Western Spirit: Scottsdale’s Museum of the West
Western Spirit showcases renowned artists including Georgia O’Keeffe, Allan Houser, and Charles Bird King
Published April 2015

Western Spirit

Scottsdale’s new museum weaves a unique story about the American West

BYTeresa Bitler

Set aside your preconceived notions of what the American West was in the past or will be in the future. Western Spirit: Scottsdale’s Museum of the West redefines both through the works of renowned artists including Georgia O’Keeffe, Allan Houser, and Charles Bird King, as well as interactive exhibits that include frontiersmen, water conservation, or life on the Aleutian Islands.
Curator Tricia Loscher explains that the LEED-certified museum, which opened in January, doesn’t limit itself geographically to what most would consider “the West,” but includes all 19 of the nation’s westernmost states from Wyoming and Texas to Hawaii. As a result, the museum relates the experiences of a broad spectrum of people in a variety of mediums, including paintings, sculptures, leatherwork, vases, photographs, and historic artifacts.
Although the 43,000-square-foot, city-owned museum is art-centric, Loscher hopes it will be known for more than the artwork displayed in its eight galleries. One of the museum’s goals is to become a regional institute, bringing together leading authorities of the region to tell the story of the redefined West.
“We’re not really a traditional museum, so to speak,” she says. “We are a storytelling center.”
That story begins the minute you walk through the door. The smell of the organically harvested cedar that lines the walls transports you to untouched forests of long ago, while natural light from the courtyard and other windows recalls the vast expanse of the plains. Above, wagon wheels hanging from the entrance’s ceiling pay homage to the challenging journey settlers faced as they moved westward. Even the museum’s meandering layout evokes a sense of freedom.
Unlike many of its counterparts, Scottsdale’s Museum of the West goes beyond the story of Americans heeding the call to “go West” or the Native Americans already there. Instead, it incorporates the stories of all the people who traveled West, regardless of country of origin, race, color, religion, or the date on the historic timeline. Loscher sees this broad scope as a chance to explore some of the stereotypes that exist about the West.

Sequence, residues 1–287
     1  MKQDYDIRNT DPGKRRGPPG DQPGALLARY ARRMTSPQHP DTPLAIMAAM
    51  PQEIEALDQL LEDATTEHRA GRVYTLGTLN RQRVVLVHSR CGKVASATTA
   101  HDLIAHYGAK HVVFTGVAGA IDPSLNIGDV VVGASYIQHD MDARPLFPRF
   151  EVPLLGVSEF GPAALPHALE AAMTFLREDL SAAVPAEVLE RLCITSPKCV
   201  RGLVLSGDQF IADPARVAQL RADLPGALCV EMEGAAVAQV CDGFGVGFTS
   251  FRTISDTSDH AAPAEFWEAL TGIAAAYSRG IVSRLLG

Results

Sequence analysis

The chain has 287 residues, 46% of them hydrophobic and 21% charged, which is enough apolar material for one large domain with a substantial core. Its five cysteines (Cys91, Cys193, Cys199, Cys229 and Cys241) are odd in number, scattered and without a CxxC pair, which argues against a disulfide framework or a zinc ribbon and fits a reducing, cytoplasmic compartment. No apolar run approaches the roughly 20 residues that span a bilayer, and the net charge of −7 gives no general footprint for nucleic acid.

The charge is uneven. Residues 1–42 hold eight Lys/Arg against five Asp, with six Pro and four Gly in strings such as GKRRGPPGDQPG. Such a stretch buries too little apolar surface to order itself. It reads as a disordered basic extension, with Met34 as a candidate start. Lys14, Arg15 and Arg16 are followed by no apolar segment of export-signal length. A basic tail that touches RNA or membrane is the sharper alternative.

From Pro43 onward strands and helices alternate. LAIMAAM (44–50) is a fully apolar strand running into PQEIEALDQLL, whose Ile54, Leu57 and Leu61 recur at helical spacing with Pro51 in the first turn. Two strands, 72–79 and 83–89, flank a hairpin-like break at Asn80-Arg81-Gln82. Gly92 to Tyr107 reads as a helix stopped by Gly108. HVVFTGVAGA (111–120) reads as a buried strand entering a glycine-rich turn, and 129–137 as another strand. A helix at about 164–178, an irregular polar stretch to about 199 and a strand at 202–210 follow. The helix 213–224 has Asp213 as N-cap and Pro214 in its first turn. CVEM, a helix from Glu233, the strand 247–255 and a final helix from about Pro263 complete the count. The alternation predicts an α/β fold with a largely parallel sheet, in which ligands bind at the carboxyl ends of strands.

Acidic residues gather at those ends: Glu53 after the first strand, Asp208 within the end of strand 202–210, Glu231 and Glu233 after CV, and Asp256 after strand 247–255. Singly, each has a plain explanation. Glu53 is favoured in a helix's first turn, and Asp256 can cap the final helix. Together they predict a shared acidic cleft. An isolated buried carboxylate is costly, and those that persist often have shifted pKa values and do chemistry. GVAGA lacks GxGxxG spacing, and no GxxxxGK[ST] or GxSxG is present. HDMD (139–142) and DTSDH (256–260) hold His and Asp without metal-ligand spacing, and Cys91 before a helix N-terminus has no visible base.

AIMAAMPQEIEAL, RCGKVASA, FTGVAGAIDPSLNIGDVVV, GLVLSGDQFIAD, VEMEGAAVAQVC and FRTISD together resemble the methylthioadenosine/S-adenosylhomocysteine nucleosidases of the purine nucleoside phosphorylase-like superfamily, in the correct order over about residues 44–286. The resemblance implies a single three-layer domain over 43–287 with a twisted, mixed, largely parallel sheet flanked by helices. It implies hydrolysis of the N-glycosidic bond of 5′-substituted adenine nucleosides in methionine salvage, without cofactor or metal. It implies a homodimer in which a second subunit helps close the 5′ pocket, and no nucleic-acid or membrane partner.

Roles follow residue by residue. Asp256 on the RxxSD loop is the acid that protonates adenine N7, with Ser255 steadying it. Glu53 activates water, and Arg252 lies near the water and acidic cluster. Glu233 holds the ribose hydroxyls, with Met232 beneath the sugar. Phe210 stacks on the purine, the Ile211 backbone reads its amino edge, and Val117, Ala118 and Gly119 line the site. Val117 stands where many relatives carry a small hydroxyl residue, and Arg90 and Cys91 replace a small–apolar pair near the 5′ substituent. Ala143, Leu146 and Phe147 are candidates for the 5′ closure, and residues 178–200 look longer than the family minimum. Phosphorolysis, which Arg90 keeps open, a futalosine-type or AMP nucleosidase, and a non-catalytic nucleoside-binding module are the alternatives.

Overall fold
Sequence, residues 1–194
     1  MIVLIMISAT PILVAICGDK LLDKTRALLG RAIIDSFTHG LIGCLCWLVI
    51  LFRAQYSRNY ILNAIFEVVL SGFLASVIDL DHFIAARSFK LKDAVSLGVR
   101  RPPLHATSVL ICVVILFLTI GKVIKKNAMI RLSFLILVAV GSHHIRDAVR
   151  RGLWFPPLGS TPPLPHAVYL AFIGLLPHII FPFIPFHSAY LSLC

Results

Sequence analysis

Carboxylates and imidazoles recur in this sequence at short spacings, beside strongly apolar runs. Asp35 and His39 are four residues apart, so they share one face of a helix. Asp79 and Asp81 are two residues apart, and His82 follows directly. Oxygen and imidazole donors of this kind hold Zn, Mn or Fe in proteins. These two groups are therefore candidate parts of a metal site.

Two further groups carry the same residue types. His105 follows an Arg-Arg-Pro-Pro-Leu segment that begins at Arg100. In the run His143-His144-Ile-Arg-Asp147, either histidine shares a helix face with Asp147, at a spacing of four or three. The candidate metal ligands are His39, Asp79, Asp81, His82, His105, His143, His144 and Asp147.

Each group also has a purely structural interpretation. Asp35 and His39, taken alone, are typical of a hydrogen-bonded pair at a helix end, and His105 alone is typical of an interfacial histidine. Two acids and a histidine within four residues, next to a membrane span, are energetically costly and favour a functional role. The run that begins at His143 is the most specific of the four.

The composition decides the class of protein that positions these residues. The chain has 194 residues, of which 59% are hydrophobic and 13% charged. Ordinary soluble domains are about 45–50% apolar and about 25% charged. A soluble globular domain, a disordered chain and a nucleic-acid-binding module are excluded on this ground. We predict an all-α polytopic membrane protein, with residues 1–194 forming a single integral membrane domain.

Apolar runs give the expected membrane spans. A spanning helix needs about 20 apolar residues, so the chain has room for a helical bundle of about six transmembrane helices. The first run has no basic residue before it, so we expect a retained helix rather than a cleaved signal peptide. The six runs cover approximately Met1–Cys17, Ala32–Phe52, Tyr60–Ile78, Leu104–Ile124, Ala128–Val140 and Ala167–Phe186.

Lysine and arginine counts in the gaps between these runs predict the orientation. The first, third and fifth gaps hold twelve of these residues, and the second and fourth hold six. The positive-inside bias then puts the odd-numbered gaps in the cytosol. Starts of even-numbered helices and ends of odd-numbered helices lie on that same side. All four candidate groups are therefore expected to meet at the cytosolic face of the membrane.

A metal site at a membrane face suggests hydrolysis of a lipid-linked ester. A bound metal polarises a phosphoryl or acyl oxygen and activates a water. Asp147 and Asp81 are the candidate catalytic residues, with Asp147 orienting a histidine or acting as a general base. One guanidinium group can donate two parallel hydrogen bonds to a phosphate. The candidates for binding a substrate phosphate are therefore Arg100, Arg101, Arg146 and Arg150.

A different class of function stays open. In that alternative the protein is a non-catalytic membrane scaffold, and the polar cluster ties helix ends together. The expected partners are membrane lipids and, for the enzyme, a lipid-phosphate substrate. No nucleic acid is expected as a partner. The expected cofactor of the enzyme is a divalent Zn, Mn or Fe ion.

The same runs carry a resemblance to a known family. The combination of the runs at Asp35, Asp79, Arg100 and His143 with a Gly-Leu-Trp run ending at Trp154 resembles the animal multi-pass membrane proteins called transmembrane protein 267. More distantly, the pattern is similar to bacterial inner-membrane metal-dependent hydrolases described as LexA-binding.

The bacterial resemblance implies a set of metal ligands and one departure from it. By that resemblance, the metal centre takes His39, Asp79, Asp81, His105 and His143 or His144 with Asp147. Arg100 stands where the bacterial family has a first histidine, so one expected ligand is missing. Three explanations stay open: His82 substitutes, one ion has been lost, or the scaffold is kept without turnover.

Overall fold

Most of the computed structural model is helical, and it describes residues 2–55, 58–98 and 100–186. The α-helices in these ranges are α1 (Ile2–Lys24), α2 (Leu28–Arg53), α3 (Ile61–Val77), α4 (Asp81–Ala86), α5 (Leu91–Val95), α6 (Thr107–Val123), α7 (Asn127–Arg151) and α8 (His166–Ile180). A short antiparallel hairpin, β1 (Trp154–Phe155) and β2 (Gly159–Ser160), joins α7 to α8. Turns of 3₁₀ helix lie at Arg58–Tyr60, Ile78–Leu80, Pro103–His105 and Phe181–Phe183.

It also keeps the museum fresh since exhibits will rotate every six to 12 months. On one visit, you might learn about Chinese influences on the West, and, on the next, cattle ranching.
“I hope people walk away with a sense of wonder and excitement,” Loscher says. “And that they start to question what defines the American West and what their role in the American West is.”
TERESA BITLER is the author of Backroads & Byways of Indian Country.
The museum has eight galleries and rotates exhibits every six to 12 months
The museum has eight galleries and rotates exhibits every six to 12 months
If You Go
Western Spirit: Scottsdale’s Museum of the West
3830 N. Marshall Way
Scottsdale, AZ

Tuesday – Saturday, 9:30 a.m. – 5 p.m.
Sunday, 11 a.m. – 5 p.m.
Scottsdale Artwalk Thursdays, 9:30 a.m. – 9 p.m.
Learn More
To find out about trips that highlight our nation’s Western culture, call your local AAA Travel agent toll-free at 1-888-870-9392 or visit AAA.com
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